Greece says it is abolishing the practice of holding unaccompanied migrant children in police custody. The announcement comes as Europe's top human rights watchdog said Greece was detaining migrants in unacceptable conditions and called for an end to illegal pushbacks.
The Greek migration minister, Notis Mitarakis, announced Wednesday, November 18, that there are no longer any unaccompanied asylum-seeker teenagers and children in police custody.
In the past, unaccompanied minors arriving in Greece were held in police stations, sometimes for months at a time. They were often kept together with adult strangers.
The practice has been widely condemned by human rights groups and has led to judgments against Greece by the European Court of Human Rights.
"We will move with legislative changes to stop the scheme of unaccompanied minors being kept in police custody, a system that started in 2001," Mitarakis said as he outlined Greece’s migration strategy for the next two years.
He said a bill would be submitted in parliament "to formally end this practice."
According to the ministry, efforts began at the start of the year to move children being held in police stations to long-term or temporary shelters.
The ministry also said hundreds of unaccompanied children have been transferred from camps on the Aegean islands. Between mid-February and August, 960 were transferred to shelters or to other European Union countries, or were reunited with relatives.
Another 733 unaccompanied minors were transferred from island camps to mainland shelters or hotels during September and October, the ministry said.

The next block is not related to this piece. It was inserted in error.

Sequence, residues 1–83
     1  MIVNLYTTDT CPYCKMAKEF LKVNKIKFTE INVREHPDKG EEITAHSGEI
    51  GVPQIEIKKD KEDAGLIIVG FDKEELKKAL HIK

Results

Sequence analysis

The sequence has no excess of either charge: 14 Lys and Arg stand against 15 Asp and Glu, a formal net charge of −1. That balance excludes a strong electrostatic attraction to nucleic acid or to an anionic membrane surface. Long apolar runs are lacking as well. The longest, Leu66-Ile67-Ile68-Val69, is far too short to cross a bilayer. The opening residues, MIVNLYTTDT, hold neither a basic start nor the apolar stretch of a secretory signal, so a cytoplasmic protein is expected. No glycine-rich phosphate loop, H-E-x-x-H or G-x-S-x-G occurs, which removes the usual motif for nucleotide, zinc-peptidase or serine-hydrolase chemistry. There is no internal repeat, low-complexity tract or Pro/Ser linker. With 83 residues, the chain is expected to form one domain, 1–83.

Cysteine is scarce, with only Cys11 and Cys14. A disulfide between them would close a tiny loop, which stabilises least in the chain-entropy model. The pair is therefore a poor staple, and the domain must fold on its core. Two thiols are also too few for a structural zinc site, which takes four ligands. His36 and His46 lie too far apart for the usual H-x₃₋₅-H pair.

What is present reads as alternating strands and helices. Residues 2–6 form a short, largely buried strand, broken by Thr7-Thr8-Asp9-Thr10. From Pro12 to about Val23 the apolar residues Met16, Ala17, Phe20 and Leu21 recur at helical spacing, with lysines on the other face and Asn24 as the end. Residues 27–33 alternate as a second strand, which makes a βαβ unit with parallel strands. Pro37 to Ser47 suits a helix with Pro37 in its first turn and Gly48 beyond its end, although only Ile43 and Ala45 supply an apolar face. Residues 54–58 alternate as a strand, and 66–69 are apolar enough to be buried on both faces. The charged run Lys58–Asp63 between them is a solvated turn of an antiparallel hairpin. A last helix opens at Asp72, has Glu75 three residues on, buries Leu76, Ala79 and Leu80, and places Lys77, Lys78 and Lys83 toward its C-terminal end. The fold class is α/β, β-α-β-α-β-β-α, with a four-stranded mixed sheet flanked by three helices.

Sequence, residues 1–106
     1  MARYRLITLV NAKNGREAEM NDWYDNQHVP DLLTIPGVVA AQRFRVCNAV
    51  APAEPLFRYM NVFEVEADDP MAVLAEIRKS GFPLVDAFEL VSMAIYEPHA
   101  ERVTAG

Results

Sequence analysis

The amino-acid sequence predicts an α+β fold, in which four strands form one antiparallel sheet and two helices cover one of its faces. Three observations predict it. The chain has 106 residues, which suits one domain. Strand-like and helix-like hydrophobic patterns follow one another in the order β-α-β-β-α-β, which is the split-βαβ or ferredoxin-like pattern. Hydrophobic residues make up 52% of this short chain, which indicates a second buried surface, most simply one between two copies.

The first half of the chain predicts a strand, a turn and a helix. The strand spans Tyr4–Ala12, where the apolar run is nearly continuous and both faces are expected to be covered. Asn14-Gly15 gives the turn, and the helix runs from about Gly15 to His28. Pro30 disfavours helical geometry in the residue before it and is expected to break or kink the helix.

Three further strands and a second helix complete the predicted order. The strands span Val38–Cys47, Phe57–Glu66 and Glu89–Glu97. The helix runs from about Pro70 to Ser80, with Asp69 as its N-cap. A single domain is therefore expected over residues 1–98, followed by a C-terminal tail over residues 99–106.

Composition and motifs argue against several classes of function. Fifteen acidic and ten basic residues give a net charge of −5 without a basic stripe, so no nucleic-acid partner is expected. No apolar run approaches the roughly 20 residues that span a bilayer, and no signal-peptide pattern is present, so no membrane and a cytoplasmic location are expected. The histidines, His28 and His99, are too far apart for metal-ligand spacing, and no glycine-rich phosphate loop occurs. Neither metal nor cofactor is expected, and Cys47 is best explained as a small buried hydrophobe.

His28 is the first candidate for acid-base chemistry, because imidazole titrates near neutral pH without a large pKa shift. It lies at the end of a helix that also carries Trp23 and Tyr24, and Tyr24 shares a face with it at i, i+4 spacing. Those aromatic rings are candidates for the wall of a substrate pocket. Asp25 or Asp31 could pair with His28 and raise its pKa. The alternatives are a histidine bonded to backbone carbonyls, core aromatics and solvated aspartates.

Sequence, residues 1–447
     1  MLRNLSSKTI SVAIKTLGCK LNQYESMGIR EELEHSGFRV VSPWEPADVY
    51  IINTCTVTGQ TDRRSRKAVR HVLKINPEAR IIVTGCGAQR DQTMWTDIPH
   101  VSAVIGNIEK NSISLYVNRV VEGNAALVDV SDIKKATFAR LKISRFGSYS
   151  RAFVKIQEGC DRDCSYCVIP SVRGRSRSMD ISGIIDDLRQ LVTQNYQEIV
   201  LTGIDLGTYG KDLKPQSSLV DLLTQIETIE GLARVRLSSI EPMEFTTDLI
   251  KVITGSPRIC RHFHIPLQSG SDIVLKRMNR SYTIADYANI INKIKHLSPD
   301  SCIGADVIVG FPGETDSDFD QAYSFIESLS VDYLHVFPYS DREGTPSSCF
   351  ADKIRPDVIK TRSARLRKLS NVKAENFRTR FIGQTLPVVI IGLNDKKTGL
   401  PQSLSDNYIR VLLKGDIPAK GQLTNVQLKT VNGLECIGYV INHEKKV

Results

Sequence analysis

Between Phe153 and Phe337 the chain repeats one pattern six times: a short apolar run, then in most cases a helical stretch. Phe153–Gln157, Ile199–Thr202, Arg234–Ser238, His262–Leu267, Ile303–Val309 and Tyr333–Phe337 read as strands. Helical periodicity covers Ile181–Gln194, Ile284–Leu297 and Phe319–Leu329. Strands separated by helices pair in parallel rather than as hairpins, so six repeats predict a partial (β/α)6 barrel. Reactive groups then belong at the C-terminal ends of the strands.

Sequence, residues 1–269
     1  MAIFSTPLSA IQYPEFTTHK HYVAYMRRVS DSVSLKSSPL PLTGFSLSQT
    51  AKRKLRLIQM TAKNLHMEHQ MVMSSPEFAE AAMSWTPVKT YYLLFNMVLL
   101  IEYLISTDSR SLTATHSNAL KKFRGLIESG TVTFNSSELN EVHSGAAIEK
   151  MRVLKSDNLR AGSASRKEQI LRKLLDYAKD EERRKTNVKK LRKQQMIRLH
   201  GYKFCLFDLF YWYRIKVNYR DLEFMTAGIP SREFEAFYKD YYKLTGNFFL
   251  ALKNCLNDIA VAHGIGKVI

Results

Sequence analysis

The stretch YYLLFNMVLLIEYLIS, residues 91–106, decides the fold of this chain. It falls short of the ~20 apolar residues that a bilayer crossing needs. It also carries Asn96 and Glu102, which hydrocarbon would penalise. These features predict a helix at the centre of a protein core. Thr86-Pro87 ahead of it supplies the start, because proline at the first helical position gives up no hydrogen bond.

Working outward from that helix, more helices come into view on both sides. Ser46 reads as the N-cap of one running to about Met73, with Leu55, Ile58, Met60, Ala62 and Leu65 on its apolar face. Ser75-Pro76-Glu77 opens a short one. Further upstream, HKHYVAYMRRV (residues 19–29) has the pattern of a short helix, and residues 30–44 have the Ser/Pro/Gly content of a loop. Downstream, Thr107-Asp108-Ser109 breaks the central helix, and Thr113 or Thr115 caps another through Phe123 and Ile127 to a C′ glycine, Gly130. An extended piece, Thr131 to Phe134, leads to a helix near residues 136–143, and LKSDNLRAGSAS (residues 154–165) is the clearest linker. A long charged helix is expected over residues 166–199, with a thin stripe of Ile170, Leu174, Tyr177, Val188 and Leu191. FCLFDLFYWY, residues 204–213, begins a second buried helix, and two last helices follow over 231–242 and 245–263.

New camps, shorter reception stays on islands
Mitarakis also repeated Wednesday that new reception centers for asylum seekers would be built on the Aegean islands of Lesbos, Samos, Chios, Leros and Kos. Construction of the new facilities will be completed by Autumn 2021, he said. The maximum stay in the camps will be six months.
The minister confirmed that remote and digital application procedures would be introduced to deal with a backlog of about 87,000 asylum requests.
"In 12 months from today we should not have any of the legacy reception system we are seeing today," he said.
There are around 90,000 migrants in Greece, of whom about 19,000 live in camps, according to Reuters.
Council of Europe slams detention, calls for end to pushbacks
The Council of Europe, Europe's main human rights organization, has called on Greece to reform its system of immigration detention.
In a report published Thursday, the Council's committee against torture (CPT) said that migrants in facilities in the Evros region (which forms the land border with Turkey) and on the island of Samos were being held in conditions of detention that could amount to inhuman and degrading treatment.
"Migrants continue to be held in … large barred cells crammed with beds, with poor lighting and ventilation, … broken toilets and washrooms, insufficient personal hygiene products and cleaning materials, (and) inadequate food," according to the report.
Migrants held in detention included families with children, people with physical and mental illness and pregnant women, it added.
The CPT report, which was based on a visit to Greece in March 2020, also called on Greece to end illegal pushbacks across the Evros River border to Turkey, saying it had received "consistent and credible allegations" of Greek involvement.
It also said the Greek Coast Guard had prevented boats carrying migrants from reaching any Greek island, and questioned the role and engagement of Frontex, the European border agency, in these activities.
Greece has consistently denied allegations of pushbacks.
The Greek government response to the CPT report is available here.